For the Pipercross filter and this airbox to clear the stacks, a new mounting plate needed to be made. So I chose to print out a spacer that would be sandwiched between two laser cut plates, you can see it in the previous screenshot.



    Below*is my ideal design, will work on that soon.



    The printed spacer for the filter mounting plate, had to be printed in multiple pieces due to the limited build volume of my printer (200mm x 200mm x 180mm).



    Before doing the actual prototype print I decided to use some rubbish filament for a test print without support material, just to see how far it could go. It failed pretty quick when it got to the dome part, it recovered slightly towards the end though.




    Here you can see the rear section of the airbox being printed, tried to minimise the usage of plastic and support material. This was printed at mostly 200micron layer height and the curved sections were printed at 100micron layer height, varying the layer height like this helps reduce print time as well as reduce support material for the sections with overhang.




    Mid section being printed, by far the easiest part. Only needed support material for the mount flanges, this was printed at 280micron layer height.




    And this is the front section being printed, all printed at 280micron layer height. This part had some design modifications to improve print-ability, also to reduce plastic usage and support material.



    Since this is a prototype for test fitting, sections are glued together using*Cyanoacrylate. Final part will either be epoxied or plastic welded together, not sure yet. Or maybe just use the print as a mold for carbon fibre?




    It's amazing seeing this all come together as one piece, nearly 500mm total length. So happy!





    Photo trying to show the internal clearances with stacks installed, minimum distance to walls is 25mm.



    Some lessons I learned during this entire print are that overhangs causes prints to look like crap. So I've made the following design changes to help reduce overhangs.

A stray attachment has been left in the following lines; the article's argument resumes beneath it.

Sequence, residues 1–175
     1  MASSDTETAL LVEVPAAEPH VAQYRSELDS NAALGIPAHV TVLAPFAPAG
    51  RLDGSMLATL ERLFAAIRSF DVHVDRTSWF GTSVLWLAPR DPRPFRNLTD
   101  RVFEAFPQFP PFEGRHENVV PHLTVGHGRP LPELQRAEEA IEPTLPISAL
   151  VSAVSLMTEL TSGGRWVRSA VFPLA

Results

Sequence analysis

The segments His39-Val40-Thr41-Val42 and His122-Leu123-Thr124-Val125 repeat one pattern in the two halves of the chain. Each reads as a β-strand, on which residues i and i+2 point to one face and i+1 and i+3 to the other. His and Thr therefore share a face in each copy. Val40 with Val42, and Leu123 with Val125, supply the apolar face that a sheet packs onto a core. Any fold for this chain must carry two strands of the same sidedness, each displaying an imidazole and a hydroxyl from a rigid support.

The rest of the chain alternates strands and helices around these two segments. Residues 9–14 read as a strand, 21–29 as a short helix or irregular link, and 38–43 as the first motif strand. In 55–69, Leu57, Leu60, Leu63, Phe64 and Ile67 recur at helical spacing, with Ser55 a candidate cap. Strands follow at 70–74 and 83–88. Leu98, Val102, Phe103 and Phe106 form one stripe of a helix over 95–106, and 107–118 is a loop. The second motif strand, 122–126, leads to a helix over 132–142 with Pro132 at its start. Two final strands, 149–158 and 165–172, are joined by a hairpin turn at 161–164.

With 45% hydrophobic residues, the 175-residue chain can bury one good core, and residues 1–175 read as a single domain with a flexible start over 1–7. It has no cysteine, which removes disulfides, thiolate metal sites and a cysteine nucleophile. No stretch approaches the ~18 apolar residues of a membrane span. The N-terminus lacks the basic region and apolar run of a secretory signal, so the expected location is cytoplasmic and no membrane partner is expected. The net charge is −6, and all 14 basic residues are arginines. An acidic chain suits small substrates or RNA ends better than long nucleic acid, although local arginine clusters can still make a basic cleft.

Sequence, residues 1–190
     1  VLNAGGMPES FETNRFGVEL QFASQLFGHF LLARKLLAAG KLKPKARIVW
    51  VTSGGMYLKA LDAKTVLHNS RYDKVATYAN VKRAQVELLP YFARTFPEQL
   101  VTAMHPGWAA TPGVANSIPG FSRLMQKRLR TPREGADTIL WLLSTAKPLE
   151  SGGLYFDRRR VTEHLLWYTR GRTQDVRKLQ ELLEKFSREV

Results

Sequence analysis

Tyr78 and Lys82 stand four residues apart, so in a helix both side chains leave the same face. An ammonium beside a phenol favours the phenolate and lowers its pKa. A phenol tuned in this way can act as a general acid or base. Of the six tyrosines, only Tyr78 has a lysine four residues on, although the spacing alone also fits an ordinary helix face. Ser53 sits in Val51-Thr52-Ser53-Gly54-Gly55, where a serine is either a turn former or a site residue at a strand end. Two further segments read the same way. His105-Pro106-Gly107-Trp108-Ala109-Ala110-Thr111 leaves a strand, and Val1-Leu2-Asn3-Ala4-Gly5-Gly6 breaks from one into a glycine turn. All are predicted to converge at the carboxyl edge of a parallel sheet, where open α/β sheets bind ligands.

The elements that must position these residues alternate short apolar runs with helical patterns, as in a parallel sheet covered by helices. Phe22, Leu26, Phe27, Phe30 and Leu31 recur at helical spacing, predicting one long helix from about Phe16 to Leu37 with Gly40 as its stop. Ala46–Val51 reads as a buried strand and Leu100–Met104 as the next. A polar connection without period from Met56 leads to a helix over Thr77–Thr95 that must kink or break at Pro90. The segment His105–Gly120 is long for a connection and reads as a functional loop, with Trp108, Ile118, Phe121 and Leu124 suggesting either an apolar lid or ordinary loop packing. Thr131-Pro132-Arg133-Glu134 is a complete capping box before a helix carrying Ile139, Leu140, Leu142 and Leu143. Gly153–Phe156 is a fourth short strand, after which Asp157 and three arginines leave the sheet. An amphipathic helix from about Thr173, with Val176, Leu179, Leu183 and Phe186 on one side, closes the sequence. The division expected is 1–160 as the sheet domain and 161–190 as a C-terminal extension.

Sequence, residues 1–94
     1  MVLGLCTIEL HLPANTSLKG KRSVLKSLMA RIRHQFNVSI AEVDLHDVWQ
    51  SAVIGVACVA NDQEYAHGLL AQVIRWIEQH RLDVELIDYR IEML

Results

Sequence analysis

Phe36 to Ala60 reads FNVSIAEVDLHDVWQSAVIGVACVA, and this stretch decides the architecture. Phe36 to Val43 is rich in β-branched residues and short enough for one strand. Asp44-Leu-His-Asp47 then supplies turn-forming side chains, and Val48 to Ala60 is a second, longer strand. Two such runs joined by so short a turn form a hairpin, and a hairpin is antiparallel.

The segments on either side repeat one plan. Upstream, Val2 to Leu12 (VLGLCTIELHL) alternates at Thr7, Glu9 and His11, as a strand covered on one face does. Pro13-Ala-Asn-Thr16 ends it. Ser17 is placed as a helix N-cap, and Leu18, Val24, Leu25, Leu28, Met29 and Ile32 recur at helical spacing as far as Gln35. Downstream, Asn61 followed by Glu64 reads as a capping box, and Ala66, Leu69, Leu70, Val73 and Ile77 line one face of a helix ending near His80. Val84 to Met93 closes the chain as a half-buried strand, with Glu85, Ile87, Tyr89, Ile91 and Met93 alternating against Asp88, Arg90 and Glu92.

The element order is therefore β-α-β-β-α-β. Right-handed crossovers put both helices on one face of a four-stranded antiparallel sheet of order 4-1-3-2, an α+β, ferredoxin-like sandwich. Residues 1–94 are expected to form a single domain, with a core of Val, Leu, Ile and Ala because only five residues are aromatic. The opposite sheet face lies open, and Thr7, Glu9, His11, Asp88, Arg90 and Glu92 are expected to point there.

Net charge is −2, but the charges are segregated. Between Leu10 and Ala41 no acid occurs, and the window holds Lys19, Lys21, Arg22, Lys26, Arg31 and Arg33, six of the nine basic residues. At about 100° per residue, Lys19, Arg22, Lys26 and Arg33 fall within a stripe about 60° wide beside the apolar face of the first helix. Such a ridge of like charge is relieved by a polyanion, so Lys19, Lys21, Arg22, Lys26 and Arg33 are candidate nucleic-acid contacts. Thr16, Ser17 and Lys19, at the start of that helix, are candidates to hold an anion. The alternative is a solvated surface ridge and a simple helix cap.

1. I added a chamfer on the inside surface to reduce the overhang angles under*the "dome", this allows me to print with minimal support material, and the chamfer being only 20% solid means I use less plastic overall.
    2. The highlighted flat sections at either ends of the flange remove the overhangs and allows my printer to simply bridge that section, which my printer does very well. This makes the print look cleaner and also reduce support material.
    3. I found that printing holes on a vertical plane produces nasty overhangs and causes imperfections in and around the hole, so I opted to print only dimples instead of a through-hole. This improves the finish and I can just simply drill the holes post print anyway.






    I also modelled this catch can and printed it out for test fitting. Unfortunately, the filament ran out before it completed printing. Was still able to test fit though!



  9. #509
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    This is next level DIY, awesome to read the progress dude!

    How tricky was it to make the design for the fittings to be printed?
    Rad-tastic: Radically Fantastic
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  10. #510
    Member mrpham's Avatar
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    Quote Originally Posted by Modified View Post
    This is next level DIY, awesome to read the progress dude!

    How tricky was it to make the design for the fittings to be printed?
    The software I use, Fusion 360, has the entire McMaster-Carr product catalogue as digital files that you can import into your design. So its really quick to add fittings etc.

    Fusion 360 by Autodesk is also free for hobbyists, students and start-ups.

    Sent from my SM-G930F using Tapatalk